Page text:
February 18, 2015
For born and bred Copenhagener Morten Nordstrøm, photography is the way he makes sure to capture the moments that count. Both with his family and the many people that, like him, have chosen to spend their lives in the city. “Most of the streets and buildings in inner Copenhagen are quite old which strengthens the feeling of being a small character in a big scene.”
Copenhagen is my home. I was born and raised in this vibrant city, and now I am raising my own kids in it. Much has changed since I was a kid, but much has also stayed the same. For example, most Danes still feel safe, knowing that they can always go to the hospital if needed, and the crime rates are low. We don’t have much to worry about in Denmark. Still most Danes tend to worry and complain a lot about luxury problems, as ‘the state doesn’t pay me enough for studying, so I can’t afford drinking every Friday and Saturday’. I guess it has always been like this and always will be.
This is also one of the reasons I sometimes feel like a guest in Copenhagen. I know the city as my back pocket, but I am only here for a limited time, like the guys before me were. And that is one of the main reasons why I photograph: to create an interconnectedness between them and me, to create relations across time and place and fix points between me and all the other people who have chosen to spend their life in this city. Most of the streets and buildings in inner Copenhagen are quite old which strengthens the feeling of being a small character in a big scene. The frames are constant, I am just a temporary small part of the scenery.
This is why I photograph. To document history, create relations across time and place and document that I was there. Also, I hate the fact the time flies by so damn fast and my photos help me remember the moments that count. I capture, therefore I am, is what seems to drive me.
Before Instagram, I was also into photographing, but at a much more unserious level. When the camera phone came along with Instagram and the possibility to communicate by visuals with others, I was hooked. From that day, I have looked for motives wherever I go: between meetings in the city, on my way to work, on casual walks, etc. And today, I am working with visual digital communications and as a photographer. In other words, Instagram has not only changed my life career wise, it has also changed my view on life.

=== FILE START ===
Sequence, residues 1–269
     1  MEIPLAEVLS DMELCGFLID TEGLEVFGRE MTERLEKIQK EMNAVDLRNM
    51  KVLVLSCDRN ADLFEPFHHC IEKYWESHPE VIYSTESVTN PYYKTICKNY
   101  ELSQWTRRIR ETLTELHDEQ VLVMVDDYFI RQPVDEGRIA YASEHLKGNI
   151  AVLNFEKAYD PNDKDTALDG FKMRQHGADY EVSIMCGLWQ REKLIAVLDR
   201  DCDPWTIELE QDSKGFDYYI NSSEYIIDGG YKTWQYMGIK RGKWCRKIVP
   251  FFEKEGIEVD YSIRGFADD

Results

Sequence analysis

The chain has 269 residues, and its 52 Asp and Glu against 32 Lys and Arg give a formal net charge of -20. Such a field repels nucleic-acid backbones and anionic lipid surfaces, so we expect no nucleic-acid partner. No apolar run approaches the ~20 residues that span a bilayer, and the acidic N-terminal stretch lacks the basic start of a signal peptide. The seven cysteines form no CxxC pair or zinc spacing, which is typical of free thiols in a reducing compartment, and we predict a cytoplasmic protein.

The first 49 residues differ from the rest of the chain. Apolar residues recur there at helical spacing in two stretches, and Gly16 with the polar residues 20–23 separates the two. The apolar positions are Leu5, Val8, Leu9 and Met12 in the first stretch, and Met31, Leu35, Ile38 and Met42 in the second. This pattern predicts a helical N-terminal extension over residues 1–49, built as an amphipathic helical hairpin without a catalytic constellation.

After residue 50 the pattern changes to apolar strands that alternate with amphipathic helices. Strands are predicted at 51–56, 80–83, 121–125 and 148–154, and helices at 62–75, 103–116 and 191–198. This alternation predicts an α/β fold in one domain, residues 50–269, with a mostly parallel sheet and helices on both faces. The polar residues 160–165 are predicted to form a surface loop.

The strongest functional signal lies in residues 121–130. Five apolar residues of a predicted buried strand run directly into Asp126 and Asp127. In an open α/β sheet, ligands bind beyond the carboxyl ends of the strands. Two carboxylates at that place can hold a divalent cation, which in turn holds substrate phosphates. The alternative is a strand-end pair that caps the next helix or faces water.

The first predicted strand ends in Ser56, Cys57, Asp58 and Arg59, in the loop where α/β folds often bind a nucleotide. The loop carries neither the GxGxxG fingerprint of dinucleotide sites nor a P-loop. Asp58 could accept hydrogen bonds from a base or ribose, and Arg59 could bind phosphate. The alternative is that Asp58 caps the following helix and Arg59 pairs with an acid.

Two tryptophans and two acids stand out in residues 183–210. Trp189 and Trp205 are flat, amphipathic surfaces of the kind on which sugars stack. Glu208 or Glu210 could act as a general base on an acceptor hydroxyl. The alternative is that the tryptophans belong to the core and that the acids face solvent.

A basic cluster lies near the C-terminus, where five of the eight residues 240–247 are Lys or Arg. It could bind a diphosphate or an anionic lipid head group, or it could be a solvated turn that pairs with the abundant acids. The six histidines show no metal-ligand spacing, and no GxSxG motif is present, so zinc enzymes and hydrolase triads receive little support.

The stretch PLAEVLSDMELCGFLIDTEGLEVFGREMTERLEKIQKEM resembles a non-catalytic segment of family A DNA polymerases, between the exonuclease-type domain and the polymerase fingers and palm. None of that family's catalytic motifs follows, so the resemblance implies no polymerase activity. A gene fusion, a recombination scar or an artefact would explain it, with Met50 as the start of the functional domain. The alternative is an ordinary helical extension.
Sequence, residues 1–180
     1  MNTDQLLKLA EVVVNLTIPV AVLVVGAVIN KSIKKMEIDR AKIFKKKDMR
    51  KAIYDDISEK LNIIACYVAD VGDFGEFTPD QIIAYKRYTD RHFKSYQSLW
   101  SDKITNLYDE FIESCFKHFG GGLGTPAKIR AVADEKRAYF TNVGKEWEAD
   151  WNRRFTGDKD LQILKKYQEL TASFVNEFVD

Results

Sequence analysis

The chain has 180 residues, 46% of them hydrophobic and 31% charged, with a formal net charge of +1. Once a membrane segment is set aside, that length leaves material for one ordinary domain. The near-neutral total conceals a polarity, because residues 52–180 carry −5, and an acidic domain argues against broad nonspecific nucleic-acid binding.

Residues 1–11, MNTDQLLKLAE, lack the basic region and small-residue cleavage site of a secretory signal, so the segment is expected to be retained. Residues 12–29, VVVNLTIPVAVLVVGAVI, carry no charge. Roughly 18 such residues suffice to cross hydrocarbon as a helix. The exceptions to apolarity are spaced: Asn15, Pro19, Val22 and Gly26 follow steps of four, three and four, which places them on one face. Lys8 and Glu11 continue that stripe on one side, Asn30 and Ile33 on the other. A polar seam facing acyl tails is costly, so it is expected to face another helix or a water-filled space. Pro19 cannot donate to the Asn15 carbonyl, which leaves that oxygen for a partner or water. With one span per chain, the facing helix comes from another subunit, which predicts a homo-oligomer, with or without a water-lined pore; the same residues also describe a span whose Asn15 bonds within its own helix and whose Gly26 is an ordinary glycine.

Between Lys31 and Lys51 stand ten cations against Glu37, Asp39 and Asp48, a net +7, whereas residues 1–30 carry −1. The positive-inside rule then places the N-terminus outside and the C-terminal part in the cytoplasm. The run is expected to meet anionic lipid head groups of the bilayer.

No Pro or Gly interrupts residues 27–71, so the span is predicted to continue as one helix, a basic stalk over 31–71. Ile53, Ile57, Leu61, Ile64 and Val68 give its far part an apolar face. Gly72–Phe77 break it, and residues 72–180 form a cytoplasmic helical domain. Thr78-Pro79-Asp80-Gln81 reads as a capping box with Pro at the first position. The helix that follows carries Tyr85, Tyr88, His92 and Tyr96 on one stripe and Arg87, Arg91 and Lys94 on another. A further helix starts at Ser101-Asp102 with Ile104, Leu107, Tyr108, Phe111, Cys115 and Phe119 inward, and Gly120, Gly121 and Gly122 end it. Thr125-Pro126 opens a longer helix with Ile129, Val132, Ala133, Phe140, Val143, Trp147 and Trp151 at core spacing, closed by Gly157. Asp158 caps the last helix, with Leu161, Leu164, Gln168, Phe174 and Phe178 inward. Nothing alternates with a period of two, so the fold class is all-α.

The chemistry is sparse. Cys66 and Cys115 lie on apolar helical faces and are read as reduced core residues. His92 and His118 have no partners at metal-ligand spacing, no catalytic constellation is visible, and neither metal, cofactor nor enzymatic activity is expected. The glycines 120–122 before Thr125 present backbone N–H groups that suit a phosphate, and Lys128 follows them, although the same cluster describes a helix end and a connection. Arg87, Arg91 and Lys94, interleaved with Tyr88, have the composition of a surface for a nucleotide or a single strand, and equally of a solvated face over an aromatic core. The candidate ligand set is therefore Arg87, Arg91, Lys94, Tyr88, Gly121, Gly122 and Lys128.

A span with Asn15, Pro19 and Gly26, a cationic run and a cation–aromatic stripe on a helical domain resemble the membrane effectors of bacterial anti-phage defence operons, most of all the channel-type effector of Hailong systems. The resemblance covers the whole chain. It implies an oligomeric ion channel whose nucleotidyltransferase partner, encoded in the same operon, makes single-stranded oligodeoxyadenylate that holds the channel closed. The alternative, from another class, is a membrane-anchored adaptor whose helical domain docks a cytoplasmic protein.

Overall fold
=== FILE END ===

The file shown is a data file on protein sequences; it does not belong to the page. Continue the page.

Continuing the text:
One of the things I started to document were puddles. Most people don’t like rain for obvious reasons, but it has always fascinated me. So, a couple of years ago I chose to document the beauty of rain, the way I see it, and it quickly developed into a passion for me. I had fun searching the streets of Copenhagen for new angles, but also with showing people the way I saw the rainy days. I enjoyed seeing their reaction and still do. I like the idea of taking something most people look at negatively and use it for something meaningful that we can all gather around and learn from: As a child, my mother always told me, “there’s no such thing as bad weather, only the wrong clothes”. As most mothers, she was always right. Sometimes we just need to look at things from a new perspective before we understand how lucky we really are.
Note: Shortly after the photos for the feature were taken, Copenhagen was hit by a terrorist attack on February 14. A man shot two civilians and five policemen killing the two civilians. One of them died in front of the synagogue on Krystalgade, the golden building in the background of these photos. Like all Copenhageners, Morten Nordstrøm is shocked and horrified by the attack on the city. He and his family are alright.